Recursion
or selfcalling routine
1. Basics
2.
Example with Factorials
3.
Video: Solve a Puzzle with Recursivity
1. Basics
Recursion
is a kind
of tricky and smart construction which
allows a function to call itself. The Matlab programming language
supports it,
so a function can call
itself during its own execution. Recursive
algorithms can be directly implemented in Matlab.
Here is a simple
example of
recursion, let's elaborate...
Example of recursive code:
function y =
ten_exp(n)
%
This is a recursive program for computing y = 10^n.
%
The program works only if n is a nonnegative integer.
%
If n is negative, the algorithm won't stop.
if n == 0
y
= 1
else
n
%<< this line is not
needed but for inspection
y = 10
* ten_exp(n1)
end
Semicolons were avoided
in those statements (on purpose) to see
the value updates in different levels of the recursion. You can explore
the
code by running the
stepbystep feature while at the editor.
This
code has a construction using a branch. The comparison
n == 0 is the base of the recursion, because it defines the final step
or
lowest level. This is the only way to get the program to stop calling
itself.
The
‘else’ part
in the branch is the key to recursivity. The trick is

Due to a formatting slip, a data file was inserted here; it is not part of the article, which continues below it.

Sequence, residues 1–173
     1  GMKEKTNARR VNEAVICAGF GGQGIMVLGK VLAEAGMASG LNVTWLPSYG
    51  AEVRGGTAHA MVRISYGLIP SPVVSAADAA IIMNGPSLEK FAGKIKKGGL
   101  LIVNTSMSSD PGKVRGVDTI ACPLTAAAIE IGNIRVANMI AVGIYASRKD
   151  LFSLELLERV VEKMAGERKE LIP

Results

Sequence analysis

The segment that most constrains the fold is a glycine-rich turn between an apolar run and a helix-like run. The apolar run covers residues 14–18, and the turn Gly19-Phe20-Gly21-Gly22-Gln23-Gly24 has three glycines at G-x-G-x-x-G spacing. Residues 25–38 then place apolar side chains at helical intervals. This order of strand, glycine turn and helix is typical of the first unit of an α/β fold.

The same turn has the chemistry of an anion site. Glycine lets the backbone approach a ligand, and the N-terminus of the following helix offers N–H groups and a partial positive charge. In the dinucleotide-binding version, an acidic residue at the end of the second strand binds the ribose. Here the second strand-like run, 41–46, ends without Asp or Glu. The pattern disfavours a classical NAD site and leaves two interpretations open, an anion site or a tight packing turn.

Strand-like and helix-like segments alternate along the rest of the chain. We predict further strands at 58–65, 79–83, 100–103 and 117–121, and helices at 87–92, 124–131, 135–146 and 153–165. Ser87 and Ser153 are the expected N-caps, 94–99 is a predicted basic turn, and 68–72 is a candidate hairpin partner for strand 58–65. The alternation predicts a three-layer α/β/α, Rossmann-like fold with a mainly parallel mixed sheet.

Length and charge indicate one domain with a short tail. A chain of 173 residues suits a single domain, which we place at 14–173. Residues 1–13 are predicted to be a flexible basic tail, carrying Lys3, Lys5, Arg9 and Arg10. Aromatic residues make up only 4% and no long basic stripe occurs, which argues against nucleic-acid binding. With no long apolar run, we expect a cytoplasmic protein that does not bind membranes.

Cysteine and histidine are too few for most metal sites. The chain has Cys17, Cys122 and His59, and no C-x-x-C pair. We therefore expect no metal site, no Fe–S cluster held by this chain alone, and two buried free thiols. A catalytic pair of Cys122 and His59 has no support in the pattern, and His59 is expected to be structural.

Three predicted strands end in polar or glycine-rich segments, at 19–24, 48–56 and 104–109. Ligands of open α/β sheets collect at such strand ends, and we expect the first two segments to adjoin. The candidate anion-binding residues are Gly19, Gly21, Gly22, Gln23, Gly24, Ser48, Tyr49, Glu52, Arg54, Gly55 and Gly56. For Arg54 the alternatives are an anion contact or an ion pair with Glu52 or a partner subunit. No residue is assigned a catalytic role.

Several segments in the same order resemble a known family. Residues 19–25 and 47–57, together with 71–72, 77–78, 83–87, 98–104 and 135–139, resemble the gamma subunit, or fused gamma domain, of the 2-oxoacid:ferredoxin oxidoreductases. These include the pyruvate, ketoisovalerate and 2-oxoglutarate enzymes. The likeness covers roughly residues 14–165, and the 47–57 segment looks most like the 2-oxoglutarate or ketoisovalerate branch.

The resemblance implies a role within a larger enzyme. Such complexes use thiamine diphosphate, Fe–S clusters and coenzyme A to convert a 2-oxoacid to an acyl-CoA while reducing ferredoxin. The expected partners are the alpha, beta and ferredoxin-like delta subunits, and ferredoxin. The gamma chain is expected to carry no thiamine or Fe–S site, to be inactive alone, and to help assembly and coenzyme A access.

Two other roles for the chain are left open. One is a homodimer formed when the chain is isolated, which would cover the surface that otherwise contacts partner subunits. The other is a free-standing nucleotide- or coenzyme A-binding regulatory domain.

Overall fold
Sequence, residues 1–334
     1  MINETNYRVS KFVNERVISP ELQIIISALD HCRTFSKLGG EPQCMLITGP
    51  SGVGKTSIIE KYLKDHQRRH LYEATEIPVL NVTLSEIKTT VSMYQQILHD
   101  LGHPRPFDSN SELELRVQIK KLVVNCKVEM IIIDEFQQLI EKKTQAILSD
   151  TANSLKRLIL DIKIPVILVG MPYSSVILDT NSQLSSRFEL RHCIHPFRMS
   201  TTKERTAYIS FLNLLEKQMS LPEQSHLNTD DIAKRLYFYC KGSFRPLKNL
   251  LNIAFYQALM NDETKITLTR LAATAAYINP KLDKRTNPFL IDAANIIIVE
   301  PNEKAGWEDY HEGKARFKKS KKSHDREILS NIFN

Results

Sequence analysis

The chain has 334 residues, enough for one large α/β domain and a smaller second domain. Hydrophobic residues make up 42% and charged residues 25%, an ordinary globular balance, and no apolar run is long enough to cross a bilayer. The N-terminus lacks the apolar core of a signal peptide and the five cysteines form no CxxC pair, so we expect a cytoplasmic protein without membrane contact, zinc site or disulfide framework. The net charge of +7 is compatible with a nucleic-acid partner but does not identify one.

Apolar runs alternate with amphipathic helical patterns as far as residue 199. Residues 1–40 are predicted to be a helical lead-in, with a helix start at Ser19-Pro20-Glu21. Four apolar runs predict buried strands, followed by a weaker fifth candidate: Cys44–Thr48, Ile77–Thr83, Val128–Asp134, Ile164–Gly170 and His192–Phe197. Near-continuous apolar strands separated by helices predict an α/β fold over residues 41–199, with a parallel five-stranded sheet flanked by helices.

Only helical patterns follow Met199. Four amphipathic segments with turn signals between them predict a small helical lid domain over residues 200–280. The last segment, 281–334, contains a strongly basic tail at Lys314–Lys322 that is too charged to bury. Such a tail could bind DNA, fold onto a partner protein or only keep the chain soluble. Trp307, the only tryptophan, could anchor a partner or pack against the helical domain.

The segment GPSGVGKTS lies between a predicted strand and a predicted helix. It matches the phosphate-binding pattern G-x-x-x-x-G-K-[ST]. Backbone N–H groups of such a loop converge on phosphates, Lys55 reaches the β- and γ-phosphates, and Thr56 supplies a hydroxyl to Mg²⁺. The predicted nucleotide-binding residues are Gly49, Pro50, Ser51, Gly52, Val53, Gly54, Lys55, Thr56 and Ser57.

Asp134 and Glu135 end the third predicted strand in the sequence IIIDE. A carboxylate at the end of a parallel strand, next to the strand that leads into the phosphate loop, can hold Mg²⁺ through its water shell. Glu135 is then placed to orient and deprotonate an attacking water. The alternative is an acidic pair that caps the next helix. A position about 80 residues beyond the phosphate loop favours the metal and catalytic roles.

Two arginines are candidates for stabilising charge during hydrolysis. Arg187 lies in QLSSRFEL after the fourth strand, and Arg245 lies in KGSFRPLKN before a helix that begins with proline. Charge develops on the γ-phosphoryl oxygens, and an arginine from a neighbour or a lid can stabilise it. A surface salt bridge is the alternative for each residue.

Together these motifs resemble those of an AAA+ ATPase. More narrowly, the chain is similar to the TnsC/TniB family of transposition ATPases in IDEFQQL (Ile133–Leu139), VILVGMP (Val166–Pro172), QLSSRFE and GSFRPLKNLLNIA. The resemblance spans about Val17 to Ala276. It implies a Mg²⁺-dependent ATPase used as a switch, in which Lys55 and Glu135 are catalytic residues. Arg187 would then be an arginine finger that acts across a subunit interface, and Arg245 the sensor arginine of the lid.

that it is calling a lower value (n  1), and it will continue to do so
until
it gets down to n = 0.
There are several considerations while using this selfcalling
technique:
 The
first is that it is possible for the function
to call itself forever and never return an answer. That happens in the
code
above if we enter a negative argument.
 The
second is that recursion can lead to
redundant calculations which can be time consuming. The code above uses
instructions again and again that could be performed using a single
line of
code (10^n).
 The
third consideration is that it needs more memory
allocation. In calculations on large systems, memory space should not
be wasted
on program overhead.
On the other hand, recursive
programs can be easier to write
and read than nonrecursive programs.
2.
Recursivity to solve Factorials
Now, we’re going to write
a function to compute a factorial
(n!) using this technique, again. We know that it’s not the most
efficient way to
compute a
factorial number, but it is conceptually a recursive calculation easy
to test
and implement...
function y =
fact(n)
%
We have the highest number
y = n
%
We go down to 0
if n == 0
y
= 1
else
% We multiply by all the
integers before ours,
% one at a time...
y = y * fact(n1)
end
Again, these
are the considerations for this example:
 It
is possible for the function to call itself
forever and never return an answer. That happens in the code above if
we enter
a negative argument.
 There
are redundant calculations which can be
time consuming. The code above uses instructions again and again that
could be
performed using a single builtin function (factorial(n)).
3.
Video: Puzzle solved with Recursivity
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